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Congressional Parties, Fundraising, and Committee Ambition

Eric S. Heberlig
Political Research Quarterly
Vol. 56, No. 2 (Jun., 2003), pp. 151-161
Published by: Sage Publications, Inc. on behalf of the University of Utah
DOI: 10.2307/3219894
Stable URL: http://www.jstor.org/stable/3219894
Page Count: 11
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Congressional Parties, Fundraising, and Committee Ambition
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Abstract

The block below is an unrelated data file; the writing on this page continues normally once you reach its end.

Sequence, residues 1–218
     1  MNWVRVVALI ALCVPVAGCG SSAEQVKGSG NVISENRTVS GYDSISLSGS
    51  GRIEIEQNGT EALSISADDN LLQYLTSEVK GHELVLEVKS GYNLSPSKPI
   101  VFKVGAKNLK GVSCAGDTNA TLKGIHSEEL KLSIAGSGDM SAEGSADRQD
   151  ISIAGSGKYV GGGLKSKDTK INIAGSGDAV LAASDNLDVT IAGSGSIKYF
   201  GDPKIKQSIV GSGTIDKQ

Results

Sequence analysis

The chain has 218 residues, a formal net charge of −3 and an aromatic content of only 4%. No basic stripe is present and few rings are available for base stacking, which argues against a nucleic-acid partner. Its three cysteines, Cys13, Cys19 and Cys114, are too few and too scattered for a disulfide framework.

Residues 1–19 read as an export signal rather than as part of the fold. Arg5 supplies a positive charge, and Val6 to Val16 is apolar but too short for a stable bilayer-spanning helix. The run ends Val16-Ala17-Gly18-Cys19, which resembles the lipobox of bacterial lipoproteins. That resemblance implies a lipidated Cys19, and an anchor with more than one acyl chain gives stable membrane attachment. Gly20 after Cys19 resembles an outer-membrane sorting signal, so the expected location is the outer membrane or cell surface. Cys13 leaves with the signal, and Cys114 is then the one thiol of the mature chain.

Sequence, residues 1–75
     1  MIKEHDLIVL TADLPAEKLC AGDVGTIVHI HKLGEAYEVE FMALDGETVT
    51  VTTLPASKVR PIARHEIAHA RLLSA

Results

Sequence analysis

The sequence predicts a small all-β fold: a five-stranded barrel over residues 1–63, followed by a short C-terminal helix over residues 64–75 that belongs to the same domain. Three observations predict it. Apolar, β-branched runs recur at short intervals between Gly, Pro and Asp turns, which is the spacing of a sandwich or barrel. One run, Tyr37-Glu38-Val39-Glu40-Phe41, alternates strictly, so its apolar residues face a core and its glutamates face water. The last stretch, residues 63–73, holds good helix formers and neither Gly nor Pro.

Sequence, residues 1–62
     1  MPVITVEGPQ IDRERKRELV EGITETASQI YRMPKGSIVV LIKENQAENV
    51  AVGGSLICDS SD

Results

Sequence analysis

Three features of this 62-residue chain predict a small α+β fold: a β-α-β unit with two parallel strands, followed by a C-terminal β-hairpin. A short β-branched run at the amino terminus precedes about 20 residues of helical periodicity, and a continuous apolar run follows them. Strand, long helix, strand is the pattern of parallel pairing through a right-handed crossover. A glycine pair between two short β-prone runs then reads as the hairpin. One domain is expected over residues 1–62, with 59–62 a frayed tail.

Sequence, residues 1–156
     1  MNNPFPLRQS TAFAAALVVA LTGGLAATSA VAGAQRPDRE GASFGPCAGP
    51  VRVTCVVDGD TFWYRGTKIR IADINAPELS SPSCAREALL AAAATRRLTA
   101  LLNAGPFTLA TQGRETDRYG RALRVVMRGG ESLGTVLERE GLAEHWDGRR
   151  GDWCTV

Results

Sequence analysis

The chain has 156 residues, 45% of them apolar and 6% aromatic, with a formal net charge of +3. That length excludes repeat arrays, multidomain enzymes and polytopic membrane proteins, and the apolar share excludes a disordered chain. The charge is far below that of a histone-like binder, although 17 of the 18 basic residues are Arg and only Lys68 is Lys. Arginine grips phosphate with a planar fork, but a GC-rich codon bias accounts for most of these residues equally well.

Congressional party leaders are hypothesized to use desirable committee assignments as a selective incentive to entice incumbent members of Congress to contribute the collective good of the party's campaign efforts. Financial contributions to the party are an effective measure of party loyalty, particularly in an era of high levels of party loyalty on roll call votes. This article analyzes committee transfers in the U.S. Congress from the 102nd through the 107th Congresses. The evidence shows that the greater the amount an incumbent contributes to party committees or party candidates, the more likely he or she will transfer to prestige committees. It also demonstrates that fundraising has become more closely related to prestige committee transfers when margins of party control in the House became very close after the Republican takeover.

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